|Vehicle details:||Audi S3|
|Author:||Andy Cape | Cape Auto Diagnostics, Cape Town|
In July of 2010, a 2001 Audi S3 came to us with idling problems. To our disadvantage, a garage had previously worked on the vehicle and cleared the ‘DTC’ (Diagnostic Trouble Code) information from the ECU. The garage had also replaced the exhaust gas temperature sensor because a DTC for the sensor had been found. The other faults were ignored and erased. The client did not get a DTC report and we could not gather any other useful information.
Initially we were looking for a vacuum leak, but we could not find one. We checked the MAF sensor with the automotive oscilloscope and software from Pico Technology, and found that the signal was not stable at idle. The MAF signal changed periodically and swings between 1.3 V and 1.8 V, and cleaning of the MAF sensor did not help to improve the signal. Only when we disconnected the MAF sensor did the engine idle much better — almost like normal. We concluded that there were three possible causes of the signal fluctuation. Either the MAF sensor was defective, unmetered air was entering the system, or there was a defect in the turbo charger vacuum system.
After a thorough investigation neither an air leak nor a vacuum leak could be found. We believed this only left the MAF sensor as being at fault, so recommended to the client that a replacement MAF sensor be purchased and fitted. However the client decided to leave the current MAF sensor disconnected, and re–connect it at a later date.
In May of 2011 the client came back to us, complaining the car was very heavy on fuel. We soon realized he had left the MAF sensor plug disconnected! The challenge now was to find the root cause of the problem, or to prove that the MAF was indeed faulty — without having a replacement part to hand.
The initial test from July 2010 shows a MAF sensor signal periodically swinging from 1.3 V (bottom) to 1.8 V (top). The engine idle speed and injector timing are responding to the MAF sensor signal. The engine speed swings from 550 RPM to 1100 RPM and almost cuts out. A MAF signal of 1.3 V at idle would be normal.
We now looked in more detail at the initial scope test from July to get a better idea. Another possible explanation could be that the engine RPM increased first, and then the MAF signal followed with a higher airflow, but what is causing the periodic damped swing?
To our amazement we could not repeat the MAF signal swing any more. At times it looked normal, at 1.3 V for the first half second in the above trace — but the engine cut out after a few seconds idling. Sometimes it looked like the signal below.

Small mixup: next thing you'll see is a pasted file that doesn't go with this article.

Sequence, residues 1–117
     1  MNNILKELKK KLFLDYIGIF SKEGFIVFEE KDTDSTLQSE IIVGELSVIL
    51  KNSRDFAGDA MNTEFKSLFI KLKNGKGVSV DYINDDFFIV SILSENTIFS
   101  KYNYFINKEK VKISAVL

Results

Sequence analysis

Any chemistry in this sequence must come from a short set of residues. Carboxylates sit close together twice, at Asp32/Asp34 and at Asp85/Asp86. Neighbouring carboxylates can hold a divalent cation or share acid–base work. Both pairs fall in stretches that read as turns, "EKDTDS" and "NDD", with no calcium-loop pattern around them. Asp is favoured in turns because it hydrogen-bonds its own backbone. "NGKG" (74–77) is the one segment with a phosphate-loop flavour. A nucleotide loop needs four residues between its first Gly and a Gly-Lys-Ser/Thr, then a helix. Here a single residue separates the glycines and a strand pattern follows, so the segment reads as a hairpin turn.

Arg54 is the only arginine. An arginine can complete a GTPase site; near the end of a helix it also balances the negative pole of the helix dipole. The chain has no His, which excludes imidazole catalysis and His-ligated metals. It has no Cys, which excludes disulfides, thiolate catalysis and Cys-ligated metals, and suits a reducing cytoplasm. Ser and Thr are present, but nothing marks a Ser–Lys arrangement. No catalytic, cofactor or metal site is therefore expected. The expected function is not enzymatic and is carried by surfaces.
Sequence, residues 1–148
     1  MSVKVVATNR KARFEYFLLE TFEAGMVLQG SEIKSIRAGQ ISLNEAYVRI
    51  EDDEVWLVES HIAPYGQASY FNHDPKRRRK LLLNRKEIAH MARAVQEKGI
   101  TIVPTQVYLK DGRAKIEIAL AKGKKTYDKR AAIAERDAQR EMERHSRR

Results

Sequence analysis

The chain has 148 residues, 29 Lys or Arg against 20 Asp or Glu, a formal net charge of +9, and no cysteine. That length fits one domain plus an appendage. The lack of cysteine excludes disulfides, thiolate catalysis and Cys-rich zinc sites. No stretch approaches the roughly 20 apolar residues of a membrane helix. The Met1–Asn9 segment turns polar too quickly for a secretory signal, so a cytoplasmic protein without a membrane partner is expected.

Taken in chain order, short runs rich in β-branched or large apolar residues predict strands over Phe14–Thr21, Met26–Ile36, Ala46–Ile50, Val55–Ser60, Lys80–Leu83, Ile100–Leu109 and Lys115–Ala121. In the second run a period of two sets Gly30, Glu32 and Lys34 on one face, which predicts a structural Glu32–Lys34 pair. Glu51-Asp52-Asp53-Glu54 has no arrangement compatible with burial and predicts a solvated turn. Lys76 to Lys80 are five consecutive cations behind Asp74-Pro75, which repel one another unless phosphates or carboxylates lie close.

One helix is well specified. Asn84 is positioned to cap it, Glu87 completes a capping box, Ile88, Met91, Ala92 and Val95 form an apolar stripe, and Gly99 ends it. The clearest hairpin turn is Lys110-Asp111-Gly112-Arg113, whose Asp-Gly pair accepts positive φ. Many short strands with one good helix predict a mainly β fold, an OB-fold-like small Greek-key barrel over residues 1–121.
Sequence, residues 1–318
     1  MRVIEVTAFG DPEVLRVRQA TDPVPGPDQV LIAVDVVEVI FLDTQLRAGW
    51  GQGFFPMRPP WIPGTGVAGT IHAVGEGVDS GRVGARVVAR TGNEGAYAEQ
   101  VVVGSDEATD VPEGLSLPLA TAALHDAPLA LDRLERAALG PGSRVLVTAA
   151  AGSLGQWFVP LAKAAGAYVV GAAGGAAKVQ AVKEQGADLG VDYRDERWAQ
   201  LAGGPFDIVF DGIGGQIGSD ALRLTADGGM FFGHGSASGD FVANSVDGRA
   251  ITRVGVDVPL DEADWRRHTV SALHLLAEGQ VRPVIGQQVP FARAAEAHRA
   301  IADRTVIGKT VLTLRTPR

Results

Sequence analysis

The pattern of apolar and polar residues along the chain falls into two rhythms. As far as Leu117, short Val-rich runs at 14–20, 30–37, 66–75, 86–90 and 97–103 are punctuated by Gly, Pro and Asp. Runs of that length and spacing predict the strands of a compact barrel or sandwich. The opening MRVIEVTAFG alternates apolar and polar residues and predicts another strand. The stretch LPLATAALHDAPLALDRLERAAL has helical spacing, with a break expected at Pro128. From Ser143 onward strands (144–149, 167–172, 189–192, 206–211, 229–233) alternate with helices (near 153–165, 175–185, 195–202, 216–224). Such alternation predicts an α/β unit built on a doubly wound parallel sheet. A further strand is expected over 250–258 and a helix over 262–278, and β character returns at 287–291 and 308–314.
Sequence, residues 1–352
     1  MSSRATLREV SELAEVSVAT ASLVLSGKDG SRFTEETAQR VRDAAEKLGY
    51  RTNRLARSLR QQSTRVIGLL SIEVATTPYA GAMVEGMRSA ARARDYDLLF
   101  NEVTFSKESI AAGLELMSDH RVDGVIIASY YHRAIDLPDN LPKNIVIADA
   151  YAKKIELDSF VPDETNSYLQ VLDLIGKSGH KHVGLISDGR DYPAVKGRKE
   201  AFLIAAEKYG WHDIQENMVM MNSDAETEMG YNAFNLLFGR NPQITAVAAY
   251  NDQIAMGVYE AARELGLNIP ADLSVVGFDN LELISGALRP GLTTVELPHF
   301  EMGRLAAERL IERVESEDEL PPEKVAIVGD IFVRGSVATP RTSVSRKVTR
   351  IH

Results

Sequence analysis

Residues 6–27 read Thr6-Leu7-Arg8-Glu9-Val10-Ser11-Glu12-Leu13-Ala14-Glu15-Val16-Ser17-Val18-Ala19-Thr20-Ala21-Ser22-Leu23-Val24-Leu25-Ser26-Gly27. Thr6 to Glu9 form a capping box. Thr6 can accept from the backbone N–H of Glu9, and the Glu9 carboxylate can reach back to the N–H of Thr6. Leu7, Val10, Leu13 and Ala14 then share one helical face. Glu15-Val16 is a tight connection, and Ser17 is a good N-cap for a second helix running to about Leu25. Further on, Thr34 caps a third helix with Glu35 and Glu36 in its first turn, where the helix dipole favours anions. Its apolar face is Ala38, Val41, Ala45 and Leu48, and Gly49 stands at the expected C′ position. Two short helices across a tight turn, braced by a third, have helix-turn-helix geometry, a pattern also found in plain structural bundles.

As soon we connected the MAF sensor plug, the engine cut out at idle immediately. We still assumed a vacuum leak at this time but could not find one.
The ECU was scanned and a few DTCs were found:
16486 - Mass Air Flow Sensor (G70): Signal too Low
P0102 - 35-10 - - - Intermittent
17522 - Oxygen (Lambda) Sensor; B1 S2: Internal Resistance too High
P1114 - 35-00 - -
17545 - Fuel Trim: Bank 1 (Add): System too Rich
P1137 - 35-00 - -
17704 - Error in Mapped Cooling System (check Temp-Sensor and Thermostat)
P1296 - 35-10 - - - Intermittent
16517 - Oxygen (Lambda) Sensor B1 S1: Response too Slow
P0133 - 35-10 - - - Intermittent
We know that the DTC P0102 is caused by the MAF being disconnected, so we can ignore this DTC. DTC P1137 points to a vacuum leak at idle, because the “(Add)” at fuel trim means additive trim, which is addressing an imbalance at idle. When the ECU is using additive trim, it is telling the injectors to stay open a fixed amount longer or shorter. The malfunction (e.g. vacuum leak) becomes less significant as RPM increase. For additive adaptation values, the injection timing is changed by a fixed amount. This value is not dependent on the basic injection timing, so we still are looking for the vacuum leak.
The vacuum was measured at idle with -0.6…-0.65 bar (stable — no jumps) and only dropped to zero when the engine cut out. From previous experience: a vacuum leak inside the air inlet system produces a fluctuating or jumping measurement — corresponding to the hunting engine idle speed — but our reading was stable and the engine cut out after a few seconds.